Phosphorescence is a type of photoluminescence related to fluorescence. When exposed to light (radiation) of a shorter wavelength, a phosphorescent substance will glow, absorbing the light and reemitting it at a longer wavelength.
Unlike fluorescence, a phosphorescent material does not immediately reemit the radiation it absorbs. Instead, a phosphorescent material absorbs some of the radiation energy and reemits it for a much longer time after the radiation source is removed.
In a general or colloquial sense, there is no distinct boundary between the emission times of fluorescence and phosphorescence (i.e.: if a substance glows under a black light it is generally considered fluorescent, and if it glows in the dark it is often simply called phosphorescent).
In a modern, scientific sense, the phenomena can usually be classified by the three different mechanisms that produce the light, and the typical timescales during which those mechanisms emit light.
Whereas fluorescent materials stop emitting light within nanoseconds (billionths of a second) after the excitation radiation is removed, phosphorescent materials may continue to emit an afterglow ranging from a few microseconds to many hours after the excitation is removed.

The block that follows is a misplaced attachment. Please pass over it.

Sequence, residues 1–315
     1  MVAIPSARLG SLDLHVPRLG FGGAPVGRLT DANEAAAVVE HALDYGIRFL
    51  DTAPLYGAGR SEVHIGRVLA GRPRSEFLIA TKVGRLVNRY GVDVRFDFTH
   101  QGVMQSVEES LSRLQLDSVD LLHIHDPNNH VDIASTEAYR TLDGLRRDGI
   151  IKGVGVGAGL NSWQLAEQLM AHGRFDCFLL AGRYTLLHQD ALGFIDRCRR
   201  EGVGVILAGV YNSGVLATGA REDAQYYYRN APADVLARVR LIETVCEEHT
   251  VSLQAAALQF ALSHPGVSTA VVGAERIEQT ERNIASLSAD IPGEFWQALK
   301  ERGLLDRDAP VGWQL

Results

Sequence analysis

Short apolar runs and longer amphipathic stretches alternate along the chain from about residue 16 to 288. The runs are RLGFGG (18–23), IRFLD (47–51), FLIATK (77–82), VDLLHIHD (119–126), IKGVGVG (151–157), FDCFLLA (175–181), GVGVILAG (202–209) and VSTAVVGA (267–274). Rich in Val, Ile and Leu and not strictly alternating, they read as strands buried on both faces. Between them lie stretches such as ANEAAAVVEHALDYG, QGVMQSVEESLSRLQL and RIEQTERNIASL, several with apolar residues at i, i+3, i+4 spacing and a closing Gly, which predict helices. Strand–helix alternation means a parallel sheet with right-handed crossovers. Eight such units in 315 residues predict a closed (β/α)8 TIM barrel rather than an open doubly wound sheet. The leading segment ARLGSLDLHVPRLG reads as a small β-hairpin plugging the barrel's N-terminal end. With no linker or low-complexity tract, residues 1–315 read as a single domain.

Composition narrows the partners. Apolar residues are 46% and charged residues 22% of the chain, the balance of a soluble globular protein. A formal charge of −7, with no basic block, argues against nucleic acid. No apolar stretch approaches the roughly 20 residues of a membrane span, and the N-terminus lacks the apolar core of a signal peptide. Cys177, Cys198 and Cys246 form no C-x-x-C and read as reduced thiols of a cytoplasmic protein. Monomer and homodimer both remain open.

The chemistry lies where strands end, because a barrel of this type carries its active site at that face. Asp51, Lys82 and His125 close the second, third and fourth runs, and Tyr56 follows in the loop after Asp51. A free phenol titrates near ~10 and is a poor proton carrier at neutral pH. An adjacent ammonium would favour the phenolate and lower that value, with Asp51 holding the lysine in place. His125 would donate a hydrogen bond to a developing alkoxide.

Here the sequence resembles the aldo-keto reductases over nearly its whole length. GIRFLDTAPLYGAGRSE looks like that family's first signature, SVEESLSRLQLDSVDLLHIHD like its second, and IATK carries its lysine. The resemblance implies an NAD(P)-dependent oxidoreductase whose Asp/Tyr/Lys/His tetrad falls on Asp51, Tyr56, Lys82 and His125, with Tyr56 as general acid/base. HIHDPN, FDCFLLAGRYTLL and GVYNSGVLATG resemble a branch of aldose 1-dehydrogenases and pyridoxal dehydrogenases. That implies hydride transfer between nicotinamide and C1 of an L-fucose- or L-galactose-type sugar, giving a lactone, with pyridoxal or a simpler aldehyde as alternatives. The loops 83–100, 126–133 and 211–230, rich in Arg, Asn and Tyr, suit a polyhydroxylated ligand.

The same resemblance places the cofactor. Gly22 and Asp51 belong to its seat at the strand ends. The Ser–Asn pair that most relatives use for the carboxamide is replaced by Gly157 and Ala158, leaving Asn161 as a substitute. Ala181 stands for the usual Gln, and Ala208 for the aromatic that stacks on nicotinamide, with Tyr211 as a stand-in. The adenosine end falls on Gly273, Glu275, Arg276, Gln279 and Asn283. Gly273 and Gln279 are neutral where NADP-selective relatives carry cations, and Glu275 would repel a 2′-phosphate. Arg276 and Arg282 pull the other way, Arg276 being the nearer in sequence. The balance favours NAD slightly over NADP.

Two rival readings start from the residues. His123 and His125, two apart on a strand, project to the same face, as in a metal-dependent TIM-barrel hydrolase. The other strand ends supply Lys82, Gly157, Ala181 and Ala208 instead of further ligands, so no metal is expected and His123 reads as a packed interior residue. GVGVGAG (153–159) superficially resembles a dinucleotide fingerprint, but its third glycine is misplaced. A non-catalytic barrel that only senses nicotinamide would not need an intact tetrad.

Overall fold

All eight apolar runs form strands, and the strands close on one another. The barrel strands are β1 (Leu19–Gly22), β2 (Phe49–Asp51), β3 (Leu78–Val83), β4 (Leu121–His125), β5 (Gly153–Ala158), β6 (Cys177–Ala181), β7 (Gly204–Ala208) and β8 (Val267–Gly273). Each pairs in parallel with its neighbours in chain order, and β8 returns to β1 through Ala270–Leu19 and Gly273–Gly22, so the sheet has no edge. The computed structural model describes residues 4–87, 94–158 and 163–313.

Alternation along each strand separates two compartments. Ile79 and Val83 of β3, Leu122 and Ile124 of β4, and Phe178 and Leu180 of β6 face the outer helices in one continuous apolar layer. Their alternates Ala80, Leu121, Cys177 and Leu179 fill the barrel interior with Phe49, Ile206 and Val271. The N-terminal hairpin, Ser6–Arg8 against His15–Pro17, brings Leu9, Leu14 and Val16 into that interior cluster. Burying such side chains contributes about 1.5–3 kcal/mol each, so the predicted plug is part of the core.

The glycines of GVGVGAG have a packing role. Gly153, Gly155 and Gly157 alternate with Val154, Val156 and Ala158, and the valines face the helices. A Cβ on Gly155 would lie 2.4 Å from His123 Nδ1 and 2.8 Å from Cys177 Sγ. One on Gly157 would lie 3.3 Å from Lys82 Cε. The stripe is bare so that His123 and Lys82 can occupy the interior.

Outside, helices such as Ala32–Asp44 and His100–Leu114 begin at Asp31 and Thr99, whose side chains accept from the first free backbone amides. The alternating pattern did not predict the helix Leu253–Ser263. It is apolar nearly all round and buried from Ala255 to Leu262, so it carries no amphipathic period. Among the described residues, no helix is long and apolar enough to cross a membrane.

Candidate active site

There are two, separate mechanisms that may produce phosphorescence, called triplet phosphorescence (or simply phosphorescence) and persistent phosphorescence (or persistent luminescence).
Triplet phosphorescence occurs when an atom absorbs a high-energy photon, and the energy becomes locked in the spin multiplicity of the electrons, generally changing from a fluorescent “singlet state” to a slower emitting “triplet state”.
The slower timescales of the reemission are associated with “forbidden” energy state transitions in quantum mechanics. As these transitions occur relatively slowly in certain materials, absorbed radiation is reemitted at a lower intensity, ranging from a few microseconds to as much as one second after the excitation is removed.
On the other hand, persistent phosphorescence occurs when a high-energy photon is absorbed by an atom and its electron becomes trapped in a defect in the lattice of the crystalline or amorphous material.
A defect such as a missing atom (vacancy defect) can trap an electron like a pitfall, storing that electron’s energy until released by a random spike of thermal (vibrational) energy. Such a substance will then emit light of gradually decreasing intensity, ranging from a few seconds to up to several hours after the original excitation.
Everyday examples of phosphorescent materials are the glow-in-the-dark toys, stickers, paint, wristwatch and clock dials that glow after being charged with a bright light such as in any normal reading or room light. Typically, the glow slowly fades out, sometimes within a few minutes or up to a few hours in a dark room.
The study of phosphorescent materials led to the discovery of radioactive decay.